Article 7 then sets out the process of enforcing those values. It begins with Article 7(1), which provides for a kind of ‘yellow card’ – a warning if there is there is ‘a clear risk of a serious breach’ of those EU values:  

1. On a reasoned proposal by one third of the Member States, by the European Parliament or by the European Commission, the Council, acting by a majority of four fifths of its members after obtaining the consent of the European Parliament, may determine that there is a clear risk of a serious breach by a Member State of the values referred to in Article 2. Before making such a determination, the Council shall hear the Member State in question and may address recommendations to it, acting in accordance with the same procedure.

The Council shall regularly verify that the grounds on which such a determination was made continue to apply.

Notice that the ‘yellow card’ process can be triggered by the European Parliament, or a group of Member States, or the Commission. There is no requirement of unanimity of Member States to approve a Council decision to issue a ‘yellow card’ (this is a common misunderstanding), but the threshold of four-fifths of Member States’ governments in the Council is nevertheless fairly high. Triggering the process (as the EP did for Hungary, and the Commission did for Poland), does not, as some think, mean that the Council will agree to issue a ‘yellow card’, or has done so already. Indeed, the Council is still considering the proposals to issue a ‘yellow card’ against both Poland and Hungary, having held several of the hearings referred to in Article 7(1). If the Council ever did issue a ‘yellow card’, note that this does not entail a sanction as such: it is only a finding of a risk to EU values, with possible recommendations. Nevertheless, the issue of a ‘yellow card’ is perceived as extremely politically serious.

This brings us to Article 7(2), which is the ‘red card’ of the process:

2. The European Council, acting by unanimity on a proposal by one third of the Member States or by the Commission and after obtaining the consent of the European Parliament, may determine the existence of a serious and persistent breach by a Member State of the values referred to in Article 2, after inviting the Member State in question to submit its observations.

The procedure here is even tougher: unanimity of the Member States. The European Parliament cannot trigger the process, but could veto it  if the Commission or a group of Member States trigger it. The threshold to be met is higher: not just the risk of a serious breach, but the ‘existence of a serious and persistent breach’ of those values. It’s likely that the EU would get to the ‘red card’ stage after issuing a ‘yellow card’, but that’s not a legal requirement: a ‘straight red’, for (say) a country which had suddenly undergone a military coup, is also conceivable.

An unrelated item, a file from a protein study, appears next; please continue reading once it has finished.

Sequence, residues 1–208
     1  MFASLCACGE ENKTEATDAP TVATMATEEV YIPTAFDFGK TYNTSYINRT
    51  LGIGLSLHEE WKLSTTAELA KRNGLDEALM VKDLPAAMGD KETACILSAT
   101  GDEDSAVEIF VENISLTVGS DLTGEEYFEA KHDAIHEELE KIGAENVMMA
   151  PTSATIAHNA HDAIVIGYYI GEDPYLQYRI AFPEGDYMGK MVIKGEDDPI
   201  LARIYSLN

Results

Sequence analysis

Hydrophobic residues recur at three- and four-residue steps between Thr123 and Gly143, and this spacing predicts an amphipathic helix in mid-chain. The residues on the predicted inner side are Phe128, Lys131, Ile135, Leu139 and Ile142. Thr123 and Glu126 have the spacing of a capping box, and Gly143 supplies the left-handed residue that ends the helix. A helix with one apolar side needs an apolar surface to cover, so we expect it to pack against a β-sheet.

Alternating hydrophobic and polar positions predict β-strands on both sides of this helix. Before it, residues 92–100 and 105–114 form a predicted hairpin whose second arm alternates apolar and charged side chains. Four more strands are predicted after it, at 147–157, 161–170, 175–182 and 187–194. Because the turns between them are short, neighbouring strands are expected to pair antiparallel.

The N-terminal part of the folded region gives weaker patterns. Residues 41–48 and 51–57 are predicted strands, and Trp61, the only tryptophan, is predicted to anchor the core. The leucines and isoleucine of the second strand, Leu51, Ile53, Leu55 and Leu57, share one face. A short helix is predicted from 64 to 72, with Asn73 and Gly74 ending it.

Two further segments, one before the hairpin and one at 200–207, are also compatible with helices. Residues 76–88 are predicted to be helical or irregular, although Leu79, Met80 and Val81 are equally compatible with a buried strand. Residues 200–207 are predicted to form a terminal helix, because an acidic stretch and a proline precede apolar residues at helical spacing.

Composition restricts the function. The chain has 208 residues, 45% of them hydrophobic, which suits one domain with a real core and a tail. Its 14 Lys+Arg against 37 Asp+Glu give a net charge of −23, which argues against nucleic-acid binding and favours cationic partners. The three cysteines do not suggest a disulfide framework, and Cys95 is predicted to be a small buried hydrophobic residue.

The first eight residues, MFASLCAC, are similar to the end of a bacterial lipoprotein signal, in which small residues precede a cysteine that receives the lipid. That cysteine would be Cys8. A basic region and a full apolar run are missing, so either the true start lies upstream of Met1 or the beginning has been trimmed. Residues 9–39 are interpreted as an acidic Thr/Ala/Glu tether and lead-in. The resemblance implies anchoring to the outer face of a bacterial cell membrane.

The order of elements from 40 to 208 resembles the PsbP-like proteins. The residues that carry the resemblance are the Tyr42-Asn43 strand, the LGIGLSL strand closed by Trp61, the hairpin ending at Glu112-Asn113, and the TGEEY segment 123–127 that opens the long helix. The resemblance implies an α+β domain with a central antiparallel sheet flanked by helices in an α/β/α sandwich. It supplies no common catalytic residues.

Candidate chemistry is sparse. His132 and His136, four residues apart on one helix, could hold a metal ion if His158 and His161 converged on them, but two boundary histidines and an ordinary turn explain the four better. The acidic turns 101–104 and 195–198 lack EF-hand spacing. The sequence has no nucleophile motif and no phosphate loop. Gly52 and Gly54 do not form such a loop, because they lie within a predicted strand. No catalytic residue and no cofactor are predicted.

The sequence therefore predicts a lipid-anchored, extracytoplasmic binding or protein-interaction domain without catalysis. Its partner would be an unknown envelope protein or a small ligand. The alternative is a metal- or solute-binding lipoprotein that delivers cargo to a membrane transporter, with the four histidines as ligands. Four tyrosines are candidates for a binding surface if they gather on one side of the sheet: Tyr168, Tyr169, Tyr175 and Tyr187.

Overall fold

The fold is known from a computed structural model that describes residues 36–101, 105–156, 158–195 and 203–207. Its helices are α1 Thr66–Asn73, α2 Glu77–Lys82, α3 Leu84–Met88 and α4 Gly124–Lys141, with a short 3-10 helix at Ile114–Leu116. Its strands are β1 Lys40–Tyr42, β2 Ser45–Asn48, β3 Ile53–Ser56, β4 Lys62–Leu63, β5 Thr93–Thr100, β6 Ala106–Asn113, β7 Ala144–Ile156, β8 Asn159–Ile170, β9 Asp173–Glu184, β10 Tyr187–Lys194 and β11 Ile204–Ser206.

What are the consequences of a ‘red card’? Article 7(3) sets them out:

…the Council, acting by a qualified majority, may decide to suspend certain of the rights deriving from the application of the Treaties to the Member State in question, including the voting rights of the representative of the government of that Member State in the Council. In doing so, the Council shall take into account the possible consequences of such a suspension on the rights and obligations of natural and legal persons.

The obligations of the Member State in question under the Treaties shall in any case continue to be binding on that State.

Notice that the Member States don’t have to act unanimously in the Council when deciding exactly what sanctions to apply to the black sheep amongst them. The unanimity threshold only applies when taking the previous step of deciding whether there’s a serious and persistent breach of the EU values.  As for the specific sanctions which might be imposed, the Treaty mentions suspension of voting rights, but that’s just one example. The Council might instead (or additionally) impose other sanctions, such as suspension of MEPs’ voting rights (which raises the awkward question of whether they might also end up sanctioning any opposition MEPs from the Member State in question – whose voices would ideally need to be heard). However, there’s an obligation to consider the rights of individuals and businesses, which suggests that trade sanctions might be problematic. It might also be hard to justify restricting free movement rights, but in any event note that there are specific rules on asylum for EU citizens fleeing from a Member State subject to a ‘red card’. (I discuss them further in the second blog post).

Most significantly, there’s no provision to expel a Member State from the EU as such. Having said that, a Member State subject to suspension might be so outraged to be in that position that it triggers the process of leaving the EU under Article 50. The UK’s withdrawal process has been complicated and controversial enough; now imagine the legal and political complexities of a Member State subject to an Article 7 ‘red card’ triggering Article 50. Should its political authorities’ actions be considered legally and morally valid? What if a group of exiles claim to be the legitimate government of that Member State (a la the USSR-era Baltic States), and that purported government does not wish to leave the EU?  What if a part of that Member State, at odds with the government in power over EU membership and its violation of EU values, attempts to secede?

Of course, the possibility of withdrawal (alongside concerns about sovereignty, and the workings of partisan politics) may also have influenced the pronounced reluctance of the EU to use the Article 7 process. Does the EU really want Michel Barnier’s main task to be crowd control?